1.  For starters, wear jackets.  Jackets make the sides look straight if they aren't tailored.  A good unisex choice is a military "BDU" jacket.  They come in solid colors if camo isn't your thing, although camouflage is traditionally masculine and has the added effect of making curvy things disappear.  Look at something like this: 

https://www.amazon.com/Rothco-Bdu-Shirt-Olive-Large/dp/B000KCY9EQ/ref=sr_1_2?crid=3M3Y00FV37Q5U&keywords=rothco+bdu&qid=1694402834&sprefix=rothco+bdu%2Caps%2C200&sr=8-2

 

2.  Shoulder holster.  Wear under a jacket or shirt.  Works well if you carry a pistol (probably not something you'd do in Canada), but you can also adapt one to carry a phone.  Straps go over your shoulders, and hook to the belt on your pants.  Helps to hold pants up, and whatever you're carrying that hangs on your side between shoulders and hips fills in those curvy gaps. 

 

3.  Shapewear.  AKA "girdle."  Thing of a big elastic band around your middle,  most folks use it for thinning their look, but if you stuff it on the sides it will thicken you a bit and get rid of the hourglassy look. 

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16 hours ago, Mason26 said:

Am I maybe overestimating how big they are?

 

That's a great question. We're our own worst critics. Add dysphoria or dysmorphia and it's quite likely the offending quality seems far more exaggerated to us than anyone viewing us objectively. None of that is meant to invalidate your feelings or experience. It's just a good thing to keep in mind which may help soothe the discomfort - even a tiny bit helps. 

 

16 hours ago, Mason26 said:

Do you know of any cis men with prominent hips?

 

OMG yes. My husband who's a cisman has big ol hips and booty. It's actually very difficult for him to find pants that fit. He also has a bit of a belly and broad shoulders, so his lower body alone does not make his physique appear anything resembling a hourglass, but he could be a figure in a Rubenesque painting, lol. I've done a few deep dives on how to find comfortable pants for him. What I discovered is that pants cut for "athletic" build usually allow for more developed glutes and thighs. Given that, this sort of cut may also distract from girth of hips.

 

And speaking of athletic, consider developing an exercise routine to build your shoulders and obliques (sides of abdominal). This may help to even out your proportions in the way of "catching up" so to speak to the hip width. 

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10 hours ago, Birdie said:

Here is a picture of me just starting puberty. 

I would wear a T-shirt under a polo shirt, and slightly lean forward. 

I think I was just barely an A cup back then, and not really noticeable. 

 

The cut in men's polo shirts ride right past your waist making it disappear. 793503100_20221207_0757303.thumb.jpg.64ad85b75a197b3e325aaee4b5c88571.jpg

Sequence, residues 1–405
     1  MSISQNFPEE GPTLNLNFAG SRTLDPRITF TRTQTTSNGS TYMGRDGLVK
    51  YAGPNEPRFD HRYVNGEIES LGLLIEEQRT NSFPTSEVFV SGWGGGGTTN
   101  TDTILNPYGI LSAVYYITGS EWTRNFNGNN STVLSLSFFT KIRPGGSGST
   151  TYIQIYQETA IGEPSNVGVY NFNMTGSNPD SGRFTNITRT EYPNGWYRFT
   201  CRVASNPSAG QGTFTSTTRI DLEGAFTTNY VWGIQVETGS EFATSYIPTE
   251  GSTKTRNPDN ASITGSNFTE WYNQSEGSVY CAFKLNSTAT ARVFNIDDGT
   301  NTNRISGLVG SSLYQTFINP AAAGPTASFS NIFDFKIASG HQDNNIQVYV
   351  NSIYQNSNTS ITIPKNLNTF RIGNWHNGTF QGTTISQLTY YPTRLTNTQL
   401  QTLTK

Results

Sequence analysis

Huh, I've never worn any polo shirts before, that's very interesting! I usually wear T-shirts with a sweater/flannel on top if it's cool enough. I'm guessing polo shirts have stiffer material?

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Just now, Mason26 said:

Huh, I've never worn any polo shirts before, that's very interesting! I usually wear T-shirts with a sweater/flannel on top if it's cool enough. I'm guessing polo shirts have stiffer material?

Yes, it's a bit stiffer on most of them. 

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10 hours ago, awkward-yet-sweet said:

If you're wanting to avoid looking curvy, you might to well to look "stocky."  If you're starting out with a traditionally-hourglassy female figure, there's a bow inward above the hips.  That's what makes hips look prominent.  So, fill that part in.  Here's a couple of ideas:

Lots of good tips, thanks!

10 hours ago, awkward-yet-sweet said:

 

1.  For starters, wear jackets.  Jackets make the sides look straight if they aren't tailored.  A good unisex choice is a military "BDU" jacket.  They come in solid colors if camo isn't your thing, although camouflage is traditionally masculine and has the added effect of making curvy things disappear.  Look at something like this: 

https://www.amazon.com/Rothco-Bdu-Shirt-Olive-Large/dp/B000KCY9EQ/ref=sr_1_2?crid=3M3Y00FV37Q5U&keywords=rothco+bdu&qid=1694402834&sprefix=rothco+bdu%2Caps%2C200&sr=8-2

I love wearing jackets. I'm so happy it's finally cold enough to do that again, haha. I usually wear jean jackets, but I do like the one you linked. Could be good for outdoorsy stuff.

10 hours ago, awkward-yet-sweet said:

2.  Shoulder holster.  Wear under a jacket or shirt.  Works well if you carry a pistol (probably not something you'd do in Canada), but you can also adapt one to carry a phone.  Straps go over your shoulders, and hook to the belt on your pants.  Helps to hold pants up, and whatever you're carrying that hangs on your side between shoulders and hips fills in those curvy gaps.